"Hillel said: Be like the disciples of Aaron the Priest – Love peace and pursue peace, love your fellows and bring them close to God's teachings." Pirke Avot 1:12 (from Sayings of the Fathers, a Jewish ethical work from antiquity).
With all the religious strife in countries around the world, how is it that in the United States, religions are generally quite tolerant of one another? Why is it that among religious groups in the U.S., Buddhists, Mormons and Muslims are the least liked in survey after survey?
Robert Putnam and David E. Campbell recently published a book that explores answers to these and other questions about religious diversity in this country.
One of their conclusions: We tend to get along because, "Most Americans are intimately acquainted with people of other faiths. Americans have, on average, at least two friends who don't share their faith, and at least one extended family member who does not."
It turns out that getting to know someone of a different faith tends to humanize that faith. If your group is both small and geographically isolated, most Americans don't get to know someone from your group. Because Mormons, Buddhists and Muslims are relatively few in number or live in isolated communities, they fair poorly when it comes to the likability scale. Islam further suffers because of the perceived associations to nine-eleven.
If this holds true in the United States among Americans, how much more true is it in Israel, where Israeli Jews are separated from Palestinians in the territories and where there is an innate fear of anyone from the other side.
This makes all the more remarkable the meeting of the Chicago Board of Rabbis that I attended last week where we met members of the Parents Circle Family Forum, Robi Damelin and Mazen Faraj. PCFF is a grassroots organization of more than five hundred families, half Israeli and half Palestinian, who have all lost immediate family members to the conflict between the Israelis and Palestinians.
Robi Damelin's son David was killed in action while on patrol in the West Bank. He was 21 years old. Abu Ali's father was killed in Bethlehem in the crossfire between Israeli troops and Palestinians. PCFF is not affiliated with any political party.
In fact, says Robi Damelin, "The 'powers to be' told us there was no one to talk to." Yet, the families in this group all found one another. Recognizing that an end to the conflict does not mean peace – witness the "cold peace" between Egypt and Israel -- the group hopes to use their experience to establish a framework for reconciliation once a political settlement is reached.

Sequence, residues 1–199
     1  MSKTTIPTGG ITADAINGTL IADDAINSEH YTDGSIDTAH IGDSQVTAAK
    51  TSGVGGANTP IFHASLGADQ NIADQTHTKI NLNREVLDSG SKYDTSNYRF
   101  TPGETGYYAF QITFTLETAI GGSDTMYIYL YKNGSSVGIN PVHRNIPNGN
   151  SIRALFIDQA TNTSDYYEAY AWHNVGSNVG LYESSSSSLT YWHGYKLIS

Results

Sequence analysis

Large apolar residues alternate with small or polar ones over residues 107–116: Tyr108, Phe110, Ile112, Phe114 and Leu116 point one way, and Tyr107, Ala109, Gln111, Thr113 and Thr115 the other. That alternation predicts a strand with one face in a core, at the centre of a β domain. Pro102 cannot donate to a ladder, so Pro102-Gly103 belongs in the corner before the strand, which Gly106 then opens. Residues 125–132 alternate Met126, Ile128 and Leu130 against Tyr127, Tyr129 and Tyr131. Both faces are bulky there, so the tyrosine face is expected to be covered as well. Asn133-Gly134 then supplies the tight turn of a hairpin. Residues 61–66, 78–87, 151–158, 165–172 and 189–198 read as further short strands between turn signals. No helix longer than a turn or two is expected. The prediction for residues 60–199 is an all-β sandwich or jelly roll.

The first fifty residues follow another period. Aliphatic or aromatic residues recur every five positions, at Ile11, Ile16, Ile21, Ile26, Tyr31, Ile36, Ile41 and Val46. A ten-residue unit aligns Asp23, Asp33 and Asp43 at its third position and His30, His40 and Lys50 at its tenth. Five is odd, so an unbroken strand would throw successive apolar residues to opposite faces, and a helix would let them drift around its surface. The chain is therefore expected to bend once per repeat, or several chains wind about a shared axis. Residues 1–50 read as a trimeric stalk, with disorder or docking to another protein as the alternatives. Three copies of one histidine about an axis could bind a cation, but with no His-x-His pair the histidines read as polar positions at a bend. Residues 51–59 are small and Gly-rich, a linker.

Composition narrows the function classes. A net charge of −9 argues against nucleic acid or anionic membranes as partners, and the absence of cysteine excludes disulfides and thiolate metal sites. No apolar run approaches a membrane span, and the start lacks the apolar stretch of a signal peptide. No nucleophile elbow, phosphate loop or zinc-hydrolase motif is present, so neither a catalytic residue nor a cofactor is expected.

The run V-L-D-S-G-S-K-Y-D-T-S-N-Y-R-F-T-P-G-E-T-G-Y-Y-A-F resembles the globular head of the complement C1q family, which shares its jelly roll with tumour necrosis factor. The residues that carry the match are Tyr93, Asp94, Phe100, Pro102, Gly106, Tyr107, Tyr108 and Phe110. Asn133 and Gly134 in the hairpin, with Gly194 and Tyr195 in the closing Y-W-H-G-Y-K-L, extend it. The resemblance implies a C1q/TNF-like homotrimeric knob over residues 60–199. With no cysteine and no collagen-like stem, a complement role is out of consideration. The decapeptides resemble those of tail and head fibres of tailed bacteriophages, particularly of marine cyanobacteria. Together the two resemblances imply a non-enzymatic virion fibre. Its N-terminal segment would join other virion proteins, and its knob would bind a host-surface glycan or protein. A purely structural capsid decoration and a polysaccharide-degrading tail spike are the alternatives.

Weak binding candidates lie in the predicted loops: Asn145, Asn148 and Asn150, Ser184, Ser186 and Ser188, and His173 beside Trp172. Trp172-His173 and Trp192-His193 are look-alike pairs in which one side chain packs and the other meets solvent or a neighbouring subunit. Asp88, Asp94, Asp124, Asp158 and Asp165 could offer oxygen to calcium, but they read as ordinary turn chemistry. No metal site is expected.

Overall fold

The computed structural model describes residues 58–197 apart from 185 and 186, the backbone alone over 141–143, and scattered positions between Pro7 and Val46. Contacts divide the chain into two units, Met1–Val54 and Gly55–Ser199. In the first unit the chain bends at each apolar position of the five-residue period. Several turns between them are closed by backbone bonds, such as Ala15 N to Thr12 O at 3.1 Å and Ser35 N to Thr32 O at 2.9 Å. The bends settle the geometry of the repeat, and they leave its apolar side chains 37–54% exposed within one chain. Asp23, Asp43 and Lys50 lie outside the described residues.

Mazen Faraj spoke movingly about the death of his father and the void that this left in his family's life. He spoke of his immediate reaction. "When someone kills someone in your family," he said, "You have to kill someone back. Through participation in this group, I learned the true meaning of forgiveness. Forgiveness means giving up your just right for revenge."
Robi , the Israeli woman, continued. "Continuing to be a 'victim' ruins your life. It is possible to talk, but it is really difficult. We meet, Palestinians and Israelis, in our suffering and in our pain."
The two speakers laid out the stark choices that confront the two sides in the conflict. "We either continue to kill each other, or we somehow learn to understand one another and live together." They are not advocating any particular political solution, but they represent the hope that a solution and reconciliation between the two sides can be had. "I meet so I can understand the pain of my enemy," said Mazen Faraj.
The group is currently involved in what they term "the narrative project." Understand that the founding of the State of Israel has different meaning to the Palestinians and to the Israelis.
For the Jewish people, the establishment of the State of Israel represents a return to our ancestral homeland. It is the righting of an historical wrong. In the "ingathering of the exiles" we find profound theological meaning. Israel is the "first fruit of our redemption" a herald, even, of the longed- for Messianic era.
For the Palestinians it is the "Naqba", the disaster, the loss of their ancestral land and the thwarting of their national aspirations. In the Palestinian narrative, the founding of the State of Israel represents an historical injustice. Those two understandings of the founding of Israel are irreconcilable. The "narrative project" of the Parents Circle group does not attempt to reconcile them. Rather, they feel that each side needs to understand the history of the other side.
Mazen Faraj said that he studied the Holocaust and the historic yearning for the Jews to return to the Promised Land. Robi has studied the history of the Palestinian people and the aspirations of the Palestinian people for a state in historic Palestine. Neither seeks to convince the other of the correctness of their side. Yet we have a rare and important model for Muslims and Jews listening to one another.
This group has spoken to over 30,000 Israeli and Palestinian high school students, and to people around the world. I was very moved by their presentation and I spoke with them afterwards. They are very interested in coming to our community. I thought bringing them to Naperville would be a wonderful project that all of the faith communities in Naperville can work on.
This coming Wednesday I will present the idea to the Naperville Interfaith Leadership Association (NILA), a group of Naperville clergy that meets monthly. We can then join The Parents Circle in being disciples of Aaron, not just hoping for peace, but actively working toward greater understanding among peoples.
About this column:
A weekly column by local religious leaders who will share thoughts about peace, faith and unity—and what it means to have those qualities in Naperville. Fittingly, Having Faith in Naperville can be found on our site every Sunday.